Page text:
OSPF Fast Hello packets

By | March 10, 2020

OSPF fast hello is used for fast OSPF conversion. it is supported from OSPF version 3 (IOS XE).

OSPF fast hello packets means , hello packets will be send at the interval of less than one second. We can configure it by using below command:

Router(config-if)#ip ospf dead-interval minimal hello-multiplier 5

Above command will be configure on interface as you can see , most of OSPF version 3 commands need to be configure on interface.

Hello-multiplier value is used to define that how many hello packets can be received in the time which is specified for dead interval.

Default dead interval is 1 second. so if we are using above command that means we are assuming 5 hello packets to be receive in 1 second , and for OSPF neighbor-ship continuity minimum 1 hello packet should be receive. otherwise OSPF will terminate the neighbor-ship.

So hello-multiplier is used to specify the number of hello packets which can be receive under dead interval. Default dead interval is 1 second but it can also be change if required.


OSPF fast hello packets

We have configured the OSPF fast hello packets on both Router A and Router B as below

RouterA(config-if)#ip ospf dead-interval minimal hello-multiplier 1
RouterB(config-if)#ip ospf dead-interval minimal hello-multiplier 1

As per above configuration , at least one hello should be receive in a second. If Hello packet not received in 1 second on Router A from Router B. Then Router A will terminate the OSPF neighbor-ship with Router B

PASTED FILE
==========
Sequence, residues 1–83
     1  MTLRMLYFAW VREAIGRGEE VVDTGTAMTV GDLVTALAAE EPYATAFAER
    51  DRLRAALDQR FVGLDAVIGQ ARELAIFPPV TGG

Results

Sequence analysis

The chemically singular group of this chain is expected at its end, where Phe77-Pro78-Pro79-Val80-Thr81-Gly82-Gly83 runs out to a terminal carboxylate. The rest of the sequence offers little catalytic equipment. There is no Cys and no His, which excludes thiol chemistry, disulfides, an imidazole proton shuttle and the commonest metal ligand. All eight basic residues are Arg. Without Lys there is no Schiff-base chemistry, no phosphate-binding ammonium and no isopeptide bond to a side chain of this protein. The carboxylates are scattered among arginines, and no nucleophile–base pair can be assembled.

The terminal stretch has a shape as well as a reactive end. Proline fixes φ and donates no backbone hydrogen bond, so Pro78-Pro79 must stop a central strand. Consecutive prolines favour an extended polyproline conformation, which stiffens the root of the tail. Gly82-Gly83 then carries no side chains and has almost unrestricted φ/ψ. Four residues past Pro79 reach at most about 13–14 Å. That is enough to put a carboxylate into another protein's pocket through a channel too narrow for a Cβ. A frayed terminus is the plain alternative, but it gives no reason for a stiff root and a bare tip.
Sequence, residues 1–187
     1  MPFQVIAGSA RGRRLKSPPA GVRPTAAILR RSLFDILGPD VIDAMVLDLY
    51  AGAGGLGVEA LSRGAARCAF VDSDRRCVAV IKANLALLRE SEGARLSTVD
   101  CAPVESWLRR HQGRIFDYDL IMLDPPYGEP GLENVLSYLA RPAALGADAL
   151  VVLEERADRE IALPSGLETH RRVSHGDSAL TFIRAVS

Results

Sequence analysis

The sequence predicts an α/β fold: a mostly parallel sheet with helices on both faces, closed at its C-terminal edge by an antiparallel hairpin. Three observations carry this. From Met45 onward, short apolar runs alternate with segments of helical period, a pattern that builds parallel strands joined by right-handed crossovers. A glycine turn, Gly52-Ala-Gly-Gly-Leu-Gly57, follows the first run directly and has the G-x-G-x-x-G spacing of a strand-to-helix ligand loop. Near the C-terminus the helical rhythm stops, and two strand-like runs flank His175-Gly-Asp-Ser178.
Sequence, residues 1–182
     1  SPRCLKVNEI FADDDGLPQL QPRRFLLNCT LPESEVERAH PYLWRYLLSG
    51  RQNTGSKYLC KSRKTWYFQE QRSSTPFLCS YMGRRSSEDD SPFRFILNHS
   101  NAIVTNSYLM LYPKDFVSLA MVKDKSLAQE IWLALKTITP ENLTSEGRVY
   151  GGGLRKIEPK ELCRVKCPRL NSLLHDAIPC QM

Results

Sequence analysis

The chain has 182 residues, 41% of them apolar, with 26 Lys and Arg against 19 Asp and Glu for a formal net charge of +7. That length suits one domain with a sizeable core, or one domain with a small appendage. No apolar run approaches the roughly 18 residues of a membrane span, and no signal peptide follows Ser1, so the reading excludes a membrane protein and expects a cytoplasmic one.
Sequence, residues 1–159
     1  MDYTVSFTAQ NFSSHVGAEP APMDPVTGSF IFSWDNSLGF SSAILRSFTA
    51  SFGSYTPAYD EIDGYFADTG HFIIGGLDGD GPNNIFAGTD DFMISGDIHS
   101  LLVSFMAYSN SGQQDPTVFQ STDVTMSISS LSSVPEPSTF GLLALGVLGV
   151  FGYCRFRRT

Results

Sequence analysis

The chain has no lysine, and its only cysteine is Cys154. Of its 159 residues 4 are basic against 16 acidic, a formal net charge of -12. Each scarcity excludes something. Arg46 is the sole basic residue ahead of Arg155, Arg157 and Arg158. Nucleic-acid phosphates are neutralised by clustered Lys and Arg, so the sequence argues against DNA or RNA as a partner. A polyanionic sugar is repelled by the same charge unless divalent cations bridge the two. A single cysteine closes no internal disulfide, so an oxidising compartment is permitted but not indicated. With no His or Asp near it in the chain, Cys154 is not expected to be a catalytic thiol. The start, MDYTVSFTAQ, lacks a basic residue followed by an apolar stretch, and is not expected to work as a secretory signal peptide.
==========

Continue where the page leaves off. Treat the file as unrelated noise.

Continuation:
This feature is useful when routers are connected in LAN and locally. Suppose we are having multiple routers and switches in our core network and all the devices having OSPF neighbor ship over LAN. We are also sure , here will not be a network interruption as well as hardware related interruption like high CPU or high memory utilization. in this type of network we should configure the fast hello feature. so we can easily and quickly detect a neighbor-ship failure.

If you are having high CPU utilization on devices or high memory utilization or low bandwidth links or high bandwidth utilization in your network then you should avoid this feature.

This is only good for core networks as i explained above.

You can also experience fake alerts or OSPF neighbor-ship flap in also a well designed core network . Because one hello packets can be drop due to any reason. So you should increase the hello-multiplier value as per your requirement. I have also experience the same in real environment.

Thanks For Reading………………….

I will also suggest you to read below post:

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